Our specialties include:
Dialectical Behavior Therapy
While offering a stable of counseling services, Restoration is one of the region’s leaders in DBT and wishes to position the brand on this increasingly high-demand service.
So what is DBT? It’s a cognitive behavioral treatment that is seen as the gold standard psychological treatment for a wide range of emotional dysfunction such as substance dependence, depression, post-traumatic stress, and eating disorders.
“Dialetical” Behavior Therapy means the synthesis or integration of opposites. Developed in 1980 by Dr. Linehan (Linehan Institute), the treatment approach intentionally exposes clients to both “acceptance-oriented” and “change-oriented” skills to help them confront the fear and then change the emotional response patterns that trigger harmful behavior.
The skill sets of DBT therapy are:
- Mindfulness: The foundation to the skills, it practices being “fully aware and present” in the one moment (not straying into the emotional mind by a lack of focus). At this point of entry, the client’s miserable and their behavior is out of control. The goal of stage 1 is for the client to move from being out of control to achieving behavioral control.
- Distress Tolerance: How to tolerate the pain in difficult circumstances, not change it (calmly recognizing the negative situation). At this stage, they’re living a life of quiet desperation; their behavior is under control but they continue suffering often due to past trauma and invalidation. The goal is to move them from a state of quiet despair to one of full emotional experiencing.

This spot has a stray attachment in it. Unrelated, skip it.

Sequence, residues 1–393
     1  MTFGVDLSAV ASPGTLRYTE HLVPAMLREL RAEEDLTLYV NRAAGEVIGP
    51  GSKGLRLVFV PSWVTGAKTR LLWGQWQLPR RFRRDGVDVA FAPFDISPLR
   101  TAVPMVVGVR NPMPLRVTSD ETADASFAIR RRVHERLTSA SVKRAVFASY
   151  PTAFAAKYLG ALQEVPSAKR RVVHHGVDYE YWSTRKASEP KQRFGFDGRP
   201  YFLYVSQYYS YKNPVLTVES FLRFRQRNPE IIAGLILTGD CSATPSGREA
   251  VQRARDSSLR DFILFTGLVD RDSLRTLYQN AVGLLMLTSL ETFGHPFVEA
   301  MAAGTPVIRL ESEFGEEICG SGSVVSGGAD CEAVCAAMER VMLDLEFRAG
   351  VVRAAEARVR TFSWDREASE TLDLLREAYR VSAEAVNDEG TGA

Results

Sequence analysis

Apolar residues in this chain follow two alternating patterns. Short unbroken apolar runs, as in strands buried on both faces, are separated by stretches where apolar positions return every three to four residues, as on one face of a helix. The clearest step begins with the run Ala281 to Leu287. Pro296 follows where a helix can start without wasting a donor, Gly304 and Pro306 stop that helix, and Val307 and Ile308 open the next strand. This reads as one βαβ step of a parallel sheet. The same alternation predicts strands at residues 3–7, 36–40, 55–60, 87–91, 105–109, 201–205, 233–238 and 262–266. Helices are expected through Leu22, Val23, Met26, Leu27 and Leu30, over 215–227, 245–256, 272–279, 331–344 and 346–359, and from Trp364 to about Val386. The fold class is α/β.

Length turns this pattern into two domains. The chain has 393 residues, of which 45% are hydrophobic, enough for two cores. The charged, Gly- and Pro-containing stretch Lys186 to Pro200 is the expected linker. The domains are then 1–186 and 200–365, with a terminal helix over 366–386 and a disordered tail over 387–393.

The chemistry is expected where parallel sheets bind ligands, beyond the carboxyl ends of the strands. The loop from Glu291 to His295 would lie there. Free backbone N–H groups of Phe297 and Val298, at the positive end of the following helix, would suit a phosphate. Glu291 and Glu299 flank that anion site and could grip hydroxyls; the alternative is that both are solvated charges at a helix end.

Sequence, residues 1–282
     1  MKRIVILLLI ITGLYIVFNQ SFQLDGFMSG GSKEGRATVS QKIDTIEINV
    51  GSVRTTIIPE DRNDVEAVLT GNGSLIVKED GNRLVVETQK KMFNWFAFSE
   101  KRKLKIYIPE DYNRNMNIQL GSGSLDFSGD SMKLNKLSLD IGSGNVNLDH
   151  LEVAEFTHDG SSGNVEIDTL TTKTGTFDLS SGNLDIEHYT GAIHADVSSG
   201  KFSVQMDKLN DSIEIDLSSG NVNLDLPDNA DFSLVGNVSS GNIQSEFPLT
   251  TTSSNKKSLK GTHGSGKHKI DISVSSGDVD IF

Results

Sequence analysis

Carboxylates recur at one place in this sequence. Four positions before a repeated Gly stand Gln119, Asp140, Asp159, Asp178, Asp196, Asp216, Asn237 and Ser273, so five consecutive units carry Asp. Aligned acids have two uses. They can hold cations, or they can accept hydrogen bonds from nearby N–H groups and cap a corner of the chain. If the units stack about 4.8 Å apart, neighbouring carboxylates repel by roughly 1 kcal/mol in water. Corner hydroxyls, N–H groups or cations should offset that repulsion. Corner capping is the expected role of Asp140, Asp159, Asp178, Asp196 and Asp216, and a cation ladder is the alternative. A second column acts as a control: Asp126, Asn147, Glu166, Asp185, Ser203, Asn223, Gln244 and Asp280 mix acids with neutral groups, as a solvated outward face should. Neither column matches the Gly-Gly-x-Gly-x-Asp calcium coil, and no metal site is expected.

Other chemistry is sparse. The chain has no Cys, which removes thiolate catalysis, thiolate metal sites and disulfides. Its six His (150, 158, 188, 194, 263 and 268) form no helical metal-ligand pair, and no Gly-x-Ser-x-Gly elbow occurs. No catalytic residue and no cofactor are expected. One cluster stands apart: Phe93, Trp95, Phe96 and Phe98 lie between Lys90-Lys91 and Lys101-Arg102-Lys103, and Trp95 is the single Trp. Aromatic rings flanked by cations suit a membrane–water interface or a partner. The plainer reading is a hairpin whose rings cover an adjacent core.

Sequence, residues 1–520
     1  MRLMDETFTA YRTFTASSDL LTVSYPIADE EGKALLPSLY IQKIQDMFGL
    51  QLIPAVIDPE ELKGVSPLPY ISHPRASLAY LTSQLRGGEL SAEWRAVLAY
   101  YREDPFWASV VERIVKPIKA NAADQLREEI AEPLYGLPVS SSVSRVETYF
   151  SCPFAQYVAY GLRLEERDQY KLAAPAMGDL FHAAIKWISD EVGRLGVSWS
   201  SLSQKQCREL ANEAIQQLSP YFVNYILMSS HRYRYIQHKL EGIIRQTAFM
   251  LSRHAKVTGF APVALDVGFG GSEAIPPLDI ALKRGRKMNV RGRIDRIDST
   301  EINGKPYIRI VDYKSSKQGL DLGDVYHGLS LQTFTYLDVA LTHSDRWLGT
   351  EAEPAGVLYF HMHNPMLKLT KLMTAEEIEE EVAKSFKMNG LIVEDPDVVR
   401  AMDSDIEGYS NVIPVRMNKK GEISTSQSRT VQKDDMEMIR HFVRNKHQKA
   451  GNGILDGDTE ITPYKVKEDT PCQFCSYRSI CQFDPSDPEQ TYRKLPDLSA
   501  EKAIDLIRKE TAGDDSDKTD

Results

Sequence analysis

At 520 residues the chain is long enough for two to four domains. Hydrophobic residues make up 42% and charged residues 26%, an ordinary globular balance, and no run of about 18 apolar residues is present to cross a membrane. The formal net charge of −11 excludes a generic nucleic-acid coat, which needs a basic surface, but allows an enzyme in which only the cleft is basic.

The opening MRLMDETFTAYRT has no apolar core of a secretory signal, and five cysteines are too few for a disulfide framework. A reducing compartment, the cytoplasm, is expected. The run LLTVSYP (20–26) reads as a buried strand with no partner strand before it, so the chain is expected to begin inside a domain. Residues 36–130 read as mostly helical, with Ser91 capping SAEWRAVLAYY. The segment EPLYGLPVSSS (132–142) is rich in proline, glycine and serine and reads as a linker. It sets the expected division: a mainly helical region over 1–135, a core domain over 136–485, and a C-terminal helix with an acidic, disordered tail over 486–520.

- Interpersonal Effectiveness: How to ask for what you want and say no to potential unhealthy environments while maintaining self-respect and relationships with others. The goal is to learn to live; to define life goals, build self-respect, and find peace and happiness. Ultimately, to have the client lead a life of “ordinary” happiness and unhappiness.
- Emotion Regulation: How to change emotions that you want to change. Some clients need to find a deeper meaning through a spiritual existence, hence a life of “ordinary” happiness and unhappiness fails to meet their personal sense of connectedness of a greater whole. The goal is to move them from a sense of incompleteness towards a life that involves an ongoing capacity for experiences of joy and freedom.
The four traditional DBT modalities (Restoration has a unique fifth), are as follows:
- DBT skills training group: It’s a collaborative exercise that focuses on enhancing clients’ capabilities by teaching them behavioral skills. Groups meet on a weekly basis.
- DBT individual therapy: It helps enhance client motivation by helping them to apply the skills to specific challenges and events in their lives. It occurs once a week and runs concurrently with skills groups.